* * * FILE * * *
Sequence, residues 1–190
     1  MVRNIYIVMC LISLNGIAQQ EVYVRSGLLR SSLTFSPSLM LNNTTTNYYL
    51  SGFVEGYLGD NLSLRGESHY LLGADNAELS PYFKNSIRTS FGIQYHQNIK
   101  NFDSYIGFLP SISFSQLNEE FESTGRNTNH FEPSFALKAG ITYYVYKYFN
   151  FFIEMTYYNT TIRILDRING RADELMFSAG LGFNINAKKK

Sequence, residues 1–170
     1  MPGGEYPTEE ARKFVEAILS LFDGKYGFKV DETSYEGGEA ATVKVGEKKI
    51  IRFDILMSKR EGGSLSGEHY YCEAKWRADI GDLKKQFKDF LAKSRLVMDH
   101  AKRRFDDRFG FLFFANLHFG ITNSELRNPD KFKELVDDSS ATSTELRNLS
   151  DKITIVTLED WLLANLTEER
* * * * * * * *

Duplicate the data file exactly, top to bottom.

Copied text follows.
Sequence, residues 1–190
     1  MVRNIYIVMC LISLNGIAQQ EVYVRSGLLR SSLTFSPSLM LNNTTTNYYL
    51  SGFVEGYLGD NLSLRGESHY LLGADNAELS PYFKNSIRTS FGIQYHQNIK
   101  NFDSYIGFLP SISFSQLNEE FESTGRNTNH FEPSFALKAG ITYYVYKYFN
   151  FFIEMTYYNT TIRILDRING RADELMFSAG LGFNINAKKK

Sequence, residues 1–170
     1  MPGGEYPTEE ARKFVEAILS LFDGKYGFKV DETSYEGGEA ATVKVGEKKI
    51  IRFDILMSKR EGGSLSGEHY YCEAKWRADI GDLKKQFKDF LAKSRLVMDH
   101  AKRRFDDRFG FLFFANLHFG ITNSELRNPD KFKELVDDSS ATSTELRNLS
   151  DKITIVTLED WLLANLTEER